The World of Air Transport and Its Behind-the-Scenes
Air travel is nowadays an absolutely common mode of transport for scheduled commercial flights and private jets. It's one of the fastest and safest ways to travel, whether you are flying on holiday, on business or to a cultural or sporting event. Passengers choose a particular flight according to a number of criteria. Price is a factor for some, for others, comfort, privacy or the ability to choose a specific departure time and destination. However, few people know that the departure of an aircraft and the entire logistics of the flight involve a number of steps that must be taken before the aircraft departs, during the flight and after landing. See who, besides the captain and crew, keeps passengers safe on planes.
Safety not only in the air but also on the ground
There are many protocols within air travel to keep passengers safe. To do this, you not only need an experienced captain and crew on board, but you also need to arrange ground support. This is provided by several institutions, such as the air operator's Operations Control Center (OCC). It allows the aircraft to take off at the Calculated Take Off Time (CTOT) and ensures that the aircraft lands or takes off within the given time window (SLOT – slot, the time period allocated to the aircraft for take-off or arrival). What exactly do these terms mean and how do they help passengers enjoy a safe flight?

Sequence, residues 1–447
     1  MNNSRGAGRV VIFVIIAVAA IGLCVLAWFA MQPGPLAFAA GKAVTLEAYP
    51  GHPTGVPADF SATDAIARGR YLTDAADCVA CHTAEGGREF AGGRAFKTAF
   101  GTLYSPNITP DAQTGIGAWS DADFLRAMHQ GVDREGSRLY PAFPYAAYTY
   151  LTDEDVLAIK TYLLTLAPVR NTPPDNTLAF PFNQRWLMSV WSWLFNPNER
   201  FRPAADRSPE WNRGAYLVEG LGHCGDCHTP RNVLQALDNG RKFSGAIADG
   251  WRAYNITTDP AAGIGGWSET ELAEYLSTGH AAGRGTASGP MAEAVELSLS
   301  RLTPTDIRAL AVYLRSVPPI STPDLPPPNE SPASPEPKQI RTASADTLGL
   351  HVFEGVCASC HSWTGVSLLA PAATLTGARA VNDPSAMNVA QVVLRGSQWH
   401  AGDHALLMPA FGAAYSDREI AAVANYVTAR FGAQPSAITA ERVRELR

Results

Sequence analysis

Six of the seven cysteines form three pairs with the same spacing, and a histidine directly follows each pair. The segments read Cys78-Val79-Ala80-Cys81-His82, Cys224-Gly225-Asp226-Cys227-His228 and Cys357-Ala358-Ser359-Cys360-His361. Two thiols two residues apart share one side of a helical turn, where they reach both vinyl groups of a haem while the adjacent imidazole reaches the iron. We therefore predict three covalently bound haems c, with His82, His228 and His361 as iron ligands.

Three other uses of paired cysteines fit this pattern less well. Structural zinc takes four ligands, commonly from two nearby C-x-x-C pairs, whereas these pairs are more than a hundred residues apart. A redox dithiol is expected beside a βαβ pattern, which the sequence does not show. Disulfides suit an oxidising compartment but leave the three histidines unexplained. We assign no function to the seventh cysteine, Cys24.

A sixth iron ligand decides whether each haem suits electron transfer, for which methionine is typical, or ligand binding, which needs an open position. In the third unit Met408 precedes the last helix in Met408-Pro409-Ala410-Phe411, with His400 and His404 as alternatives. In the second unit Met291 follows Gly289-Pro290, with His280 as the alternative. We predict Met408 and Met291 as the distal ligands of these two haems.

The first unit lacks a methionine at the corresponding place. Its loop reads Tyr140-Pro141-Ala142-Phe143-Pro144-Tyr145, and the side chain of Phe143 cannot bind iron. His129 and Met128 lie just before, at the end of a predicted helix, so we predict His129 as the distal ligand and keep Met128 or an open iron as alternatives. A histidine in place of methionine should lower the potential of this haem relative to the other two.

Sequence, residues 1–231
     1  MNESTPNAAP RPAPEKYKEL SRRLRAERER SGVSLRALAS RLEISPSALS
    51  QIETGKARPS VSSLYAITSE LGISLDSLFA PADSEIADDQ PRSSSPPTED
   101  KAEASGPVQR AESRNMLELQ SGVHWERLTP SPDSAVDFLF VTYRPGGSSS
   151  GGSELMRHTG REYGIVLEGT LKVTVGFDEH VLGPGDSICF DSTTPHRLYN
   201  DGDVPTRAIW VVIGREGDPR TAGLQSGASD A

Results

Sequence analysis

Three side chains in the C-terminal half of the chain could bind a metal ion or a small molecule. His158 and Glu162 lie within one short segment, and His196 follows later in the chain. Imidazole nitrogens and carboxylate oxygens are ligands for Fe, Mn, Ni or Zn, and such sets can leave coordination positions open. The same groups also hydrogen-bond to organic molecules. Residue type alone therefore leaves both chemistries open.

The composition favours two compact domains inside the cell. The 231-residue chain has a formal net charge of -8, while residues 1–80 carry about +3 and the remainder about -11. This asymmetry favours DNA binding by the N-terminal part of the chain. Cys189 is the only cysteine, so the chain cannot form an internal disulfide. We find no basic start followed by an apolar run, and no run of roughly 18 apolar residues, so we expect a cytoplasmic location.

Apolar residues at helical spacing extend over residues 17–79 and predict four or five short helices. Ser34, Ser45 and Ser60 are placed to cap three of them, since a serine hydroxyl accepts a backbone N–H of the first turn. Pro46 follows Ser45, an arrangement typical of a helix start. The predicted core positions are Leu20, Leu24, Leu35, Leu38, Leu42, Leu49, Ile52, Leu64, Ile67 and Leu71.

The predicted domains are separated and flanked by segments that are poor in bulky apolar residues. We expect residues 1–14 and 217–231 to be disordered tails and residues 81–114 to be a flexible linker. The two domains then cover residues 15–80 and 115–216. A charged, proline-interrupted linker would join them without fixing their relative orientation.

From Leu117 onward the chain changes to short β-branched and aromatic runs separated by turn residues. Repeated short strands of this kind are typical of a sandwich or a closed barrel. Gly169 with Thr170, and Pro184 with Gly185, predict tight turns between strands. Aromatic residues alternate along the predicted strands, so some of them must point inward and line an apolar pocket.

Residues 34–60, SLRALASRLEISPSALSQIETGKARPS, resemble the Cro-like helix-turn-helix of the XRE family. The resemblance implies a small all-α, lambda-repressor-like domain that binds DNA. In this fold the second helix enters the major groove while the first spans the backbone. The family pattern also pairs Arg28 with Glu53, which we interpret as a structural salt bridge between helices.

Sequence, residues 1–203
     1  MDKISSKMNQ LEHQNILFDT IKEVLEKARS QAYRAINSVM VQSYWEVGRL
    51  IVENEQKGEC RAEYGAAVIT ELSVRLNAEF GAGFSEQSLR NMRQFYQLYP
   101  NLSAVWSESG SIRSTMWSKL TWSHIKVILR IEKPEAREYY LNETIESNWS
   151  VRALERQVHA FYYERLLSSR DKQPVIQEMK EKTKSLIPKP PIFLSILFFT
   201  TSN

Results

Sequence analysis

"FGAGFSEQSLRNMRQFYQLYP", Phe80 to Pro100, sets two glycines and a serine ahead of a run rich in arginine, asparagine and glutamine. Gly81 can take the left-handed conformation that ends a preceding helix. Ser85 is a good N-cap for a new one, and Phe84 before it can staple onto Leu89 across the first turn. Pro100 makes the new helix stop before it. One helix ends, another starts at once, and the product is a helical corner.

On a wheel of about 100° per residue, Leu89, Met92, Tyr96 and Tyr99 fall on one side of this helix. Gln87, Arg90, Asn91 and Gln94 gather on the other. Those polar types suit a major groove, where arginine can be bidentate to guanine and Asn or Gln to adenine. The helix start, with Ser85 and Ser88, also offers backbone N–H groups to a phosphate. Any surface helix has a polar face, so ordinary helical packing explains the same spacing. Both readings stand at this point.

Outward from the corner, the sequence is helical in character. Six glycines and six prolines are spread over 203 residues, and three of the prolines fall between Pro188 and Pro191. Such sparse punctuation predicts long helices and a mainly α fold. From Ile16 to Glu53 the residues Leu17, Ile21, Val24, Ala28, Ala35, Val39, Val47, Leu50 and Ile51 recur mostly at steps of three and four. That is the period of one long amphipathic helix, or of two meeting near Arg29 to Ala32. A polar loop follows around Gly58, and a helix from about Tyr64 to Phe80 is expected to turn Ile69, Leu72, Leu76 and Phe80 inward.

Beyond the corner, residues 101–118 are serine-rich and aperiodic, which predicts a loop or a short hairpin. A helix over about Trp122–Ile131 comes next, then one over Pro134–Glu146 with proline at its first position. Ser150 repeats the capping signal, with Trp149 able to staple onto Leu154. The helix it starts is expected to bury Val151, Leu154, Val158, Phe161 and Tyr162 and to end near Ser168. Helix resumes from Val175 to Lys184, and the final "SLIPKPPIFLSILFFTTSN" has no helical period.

The air operator's Operations Control Center
There are a number of steps that need to be taken before the aircraft can take to the air. Subsequently, ensure that the aircraft reaches its destination safely, lands and is taken care of according to the appropriate regulations after landing. All of these tasks are largely the responsibility of the airline operations center staff. They have a major share of responsibility for the coordination of processes and communication with other airlines.
In the past, positions in flight planning largely held by aircraft pilots and a few ground control staff. However, with the development of air transport, cargo flights and private jets, this role has had to be taken over by operations centers, which take care of various types of services. In general, these are two areas: